ABSTRACT: Four clinical trials have shown that a history of interpersonal trauma is associated with diminished response to cognitive-behavioral therapy (CBT) for adolescent depression. An efficacious CBT protocol for adolescent depression was modified to address cognitive deficits and distortions associated with interpersonal trauma. Initial feasibility, acceptability, and treatment impact of the modified treatment (m-CBT) were evaluated in a randomized effectiveness trial conducted in community clinics. Clients were 43 referred adolescents with a depressive disorder and a history of interpersonal trauma. Adolescents either received m-CBT or usual care (UC) therapy. Results indicated that m-CBT was delivered with good fidelity by community clinicians, but that number of sessions completed was attenuated in both m-CBT and UC. Adolescents reported high levels of treatment satisfaction and acceptability for the new treatment. There were significant reductions in depressive symptoms over time, but no differences in outcomes between groups. Although the new treatment produced promising results, it did not outperform UC. Implications for treatment development are considered. (PsycINFO Database Record (c) 2013 APA, all rights reserved).
    Psychotherapy Theory Research Practice Training 12/2013; · 0.84 Impact Factor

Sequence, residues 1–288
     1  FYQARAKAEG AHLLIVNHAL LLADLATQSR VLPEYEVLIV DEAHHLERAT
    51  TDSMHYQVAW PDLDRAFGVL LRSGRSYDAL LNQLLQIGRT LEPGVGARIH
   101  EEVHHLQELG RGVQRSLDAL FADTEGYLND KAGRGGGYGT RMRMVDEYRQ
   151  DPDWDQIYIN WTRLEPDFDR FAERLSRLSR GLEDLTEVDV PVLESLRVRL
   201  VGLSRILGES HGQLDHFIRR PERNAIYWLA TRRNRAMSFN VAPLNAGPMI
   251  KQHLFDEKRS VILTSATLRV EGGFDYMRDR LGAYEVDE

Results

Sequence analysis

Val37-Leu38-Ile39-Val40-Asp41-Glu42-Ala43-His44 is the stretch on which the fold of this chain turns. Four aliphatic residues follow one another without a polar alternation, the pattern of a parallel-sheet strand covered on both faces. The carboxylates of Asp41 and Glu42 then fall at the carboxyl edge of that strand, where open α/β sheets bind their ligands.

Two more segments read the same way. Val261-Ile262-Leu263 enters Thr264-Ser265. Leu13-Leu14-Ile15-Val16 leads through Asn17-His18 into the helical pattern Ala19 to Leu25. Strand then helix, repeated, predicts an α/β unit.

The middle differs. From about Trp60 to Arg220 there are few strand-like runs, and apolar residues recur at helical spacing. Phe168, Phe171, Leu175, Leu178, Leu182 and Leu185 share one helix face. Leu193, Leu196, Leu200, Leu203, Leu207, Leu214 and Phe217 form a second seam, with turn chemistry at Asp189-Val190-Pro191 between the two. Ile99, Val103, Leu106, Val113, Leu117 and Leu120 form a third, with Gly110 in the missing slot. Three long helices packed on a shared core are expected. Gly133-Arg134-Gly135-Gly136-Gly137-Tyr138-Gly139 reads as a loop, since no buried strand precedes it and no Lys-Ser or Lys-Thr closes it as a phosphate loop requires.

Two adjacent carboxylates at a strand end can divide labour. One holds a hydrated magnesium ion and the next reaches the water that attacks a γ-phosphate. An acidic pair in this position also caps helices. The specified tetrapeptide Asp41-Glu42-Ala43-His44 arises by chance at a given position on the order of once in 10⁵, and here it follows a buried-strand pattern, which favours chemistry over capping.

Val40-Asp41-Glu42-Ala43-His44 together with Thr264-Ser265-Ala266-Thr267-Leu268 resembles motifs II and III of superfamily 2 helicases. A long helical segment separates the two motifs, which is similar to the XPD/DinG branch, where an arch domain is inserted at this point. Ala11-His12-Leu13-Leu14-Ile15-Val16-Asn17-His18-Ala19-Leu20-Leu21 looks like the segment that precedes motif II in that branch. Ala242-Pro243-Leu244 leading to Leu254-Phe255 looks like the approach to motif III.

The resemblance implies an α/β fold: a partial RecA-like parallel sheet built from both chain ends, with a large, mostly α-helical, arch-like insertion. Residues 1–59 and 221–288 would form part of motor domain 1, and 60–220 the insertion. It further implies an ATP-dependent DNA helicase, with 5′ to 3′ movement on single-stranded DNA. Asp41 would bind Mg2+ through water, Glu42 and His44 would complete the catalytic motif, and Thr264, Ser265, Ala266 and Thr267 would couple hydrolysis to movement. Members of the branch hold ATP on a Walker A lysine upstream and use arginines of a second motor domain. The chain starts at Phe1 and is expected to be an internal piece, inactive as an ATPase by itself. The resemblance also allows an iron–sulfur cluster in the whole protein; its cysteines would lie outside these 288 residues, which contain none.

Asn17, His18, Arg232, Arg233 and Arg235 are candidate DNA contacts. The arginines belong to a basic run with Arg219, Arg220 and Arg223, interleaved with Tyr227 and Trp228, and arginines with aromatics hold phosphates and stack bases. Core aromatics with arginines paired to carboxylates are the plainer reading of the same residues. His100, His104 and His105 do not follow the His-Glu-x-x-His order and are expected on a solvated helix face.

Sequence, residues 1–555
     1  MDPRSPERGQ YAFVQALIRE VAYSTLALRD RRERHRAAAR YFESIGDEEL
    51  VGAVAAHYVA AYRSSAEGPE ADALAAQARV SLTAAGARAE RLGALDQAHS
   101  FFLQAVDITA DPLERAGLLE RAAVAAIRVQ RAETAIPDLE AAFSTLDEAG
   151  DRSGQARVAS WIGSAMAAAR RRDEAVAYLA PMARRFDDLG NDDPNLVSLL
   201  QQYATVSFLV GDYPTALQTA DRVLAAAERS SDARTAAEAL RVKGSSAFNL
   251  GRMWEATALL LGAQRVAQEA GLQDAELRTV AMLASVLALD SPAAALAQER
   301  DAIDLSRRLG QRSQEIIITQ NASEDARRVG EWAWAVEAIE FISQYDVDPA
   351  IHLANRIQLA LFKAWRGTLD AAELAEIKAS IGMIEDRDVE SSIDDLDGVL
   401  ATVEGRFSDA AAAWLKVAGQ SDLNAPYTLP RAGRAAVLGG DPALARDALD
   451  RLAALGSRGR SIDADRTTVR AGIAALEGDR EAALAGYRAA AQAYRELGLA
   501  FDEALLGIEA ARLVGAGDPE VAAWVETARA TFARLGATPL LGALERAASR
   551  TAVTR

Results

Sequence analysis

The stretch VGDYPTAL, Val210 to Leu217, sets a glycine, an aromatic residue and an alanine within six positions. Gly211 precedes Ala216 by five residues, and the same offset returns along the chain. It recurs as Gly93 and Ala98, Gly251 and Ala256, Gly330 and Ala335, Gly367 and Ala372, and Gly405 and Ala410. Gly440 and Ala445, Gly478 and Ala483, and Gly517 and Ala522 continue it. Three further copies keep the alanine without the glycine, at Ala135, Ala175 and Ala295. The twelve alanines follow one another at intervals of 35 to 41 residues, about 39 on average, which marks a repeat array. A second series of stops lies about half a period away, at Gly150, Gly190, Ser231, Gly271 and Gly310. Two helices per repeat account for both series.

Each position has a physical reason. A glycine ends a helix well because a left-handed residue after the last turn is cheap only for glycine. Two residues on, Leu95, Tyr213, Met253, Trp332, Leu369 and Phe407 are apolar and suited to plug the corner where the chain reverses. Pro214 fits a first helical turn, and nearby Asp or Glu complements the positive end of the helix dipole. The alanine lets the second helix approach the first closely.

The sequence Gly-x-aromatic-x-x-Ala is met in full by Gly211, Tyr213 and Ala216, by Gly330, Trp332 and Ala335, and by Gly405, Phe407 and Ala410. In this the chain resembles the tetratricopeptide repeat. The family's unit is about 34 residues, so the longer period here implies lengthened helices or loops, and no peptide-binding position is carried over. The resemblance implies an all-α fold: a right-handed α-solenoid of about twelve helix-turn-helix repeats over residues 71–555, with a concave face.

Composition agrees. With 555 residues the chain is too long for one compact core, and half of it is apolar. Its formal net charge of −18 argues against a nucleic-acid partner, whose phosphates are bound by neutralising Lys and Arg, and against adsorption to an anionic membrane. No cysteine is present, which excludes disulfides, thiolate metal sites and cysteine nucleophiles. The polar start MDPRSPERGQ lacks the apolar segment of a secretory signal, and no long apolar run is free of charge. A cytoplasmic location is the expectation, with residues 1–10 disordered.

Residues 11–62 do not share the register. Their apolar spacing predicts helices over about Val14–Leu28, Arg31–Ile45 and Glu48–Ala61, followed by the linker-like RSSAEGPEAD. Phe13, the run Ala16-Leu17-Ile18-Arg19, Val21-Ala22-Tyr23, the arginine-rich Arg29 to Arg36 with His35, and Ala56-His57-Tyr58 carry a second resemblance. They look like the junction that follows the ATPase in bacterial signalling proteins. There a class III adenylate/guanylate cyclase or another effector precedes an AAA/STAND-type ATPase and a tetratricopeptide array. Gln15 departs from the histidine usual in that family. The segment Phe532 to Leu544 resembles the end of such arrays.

• Source
    [Show abstract] [Hide abstract]
    ABSTRACT: Abstract Objective: The purpose of this study was to conduct a treatment development study to examine the feasibility, acceptability, and preliminary efficacy of treating depressed, suicidal adolescents and their depressed parent concurrently in a cognitive behavioral therapy (CBT) protocol (Parent-Adolescent-CBT [PA-CBT]). Methods: A randomized, controlled, repeated measures design was used to test the hypothesis that PA-CBT would lead to greater reductions in suicidality and depression compared with Adolescent Only CBT (AO-CBT). Participants included 24 adolescent and parent dyads in which the adolescent met American Psychiatric Association, Diagnostic and Statistical Manual of Mental Disorders, 4th ed. (DSM-IV) criteria for current major depressive episode (MDE) and the parent met DSM-IV criteria for current or past MDE. Results: The concurrent protocol was found to be feasible to implement with most depressed adolescents and parents. Adolescent ratings of program satisfaction were somewhat lower in PA-CBT, suggesting that some teens view treatment negatively when they are required to participate with a parent. The concurrent treatment protocol was more effective in reducing depressed mood in the parent-adolescent dyad at the end of maintenance treatment (24 weeks) than treating an adolescent alone for depression; the largest effect was on parental depressed mood. This difference between dyads was no longer significant, however, at the 48 week follow-up. Adolescent and parent suicidal ideation improved equally in both groups during active and maintenance treatment, and remained low at follow-up in both groups. Conclusions: The PA-CBT protocol is feasible to conduct and acceptable to most but not all adolescents. The strongest effect was on parental depressed mood. A larger study that has sufficient power to test efficacy and moderators of treatment outcome is necessary to better understand which adolescents would benefit most from concurrent treatment with a parent.
    Journal of child and adolescent psychopharmacology 05/2014; · 2.59 Impact Factor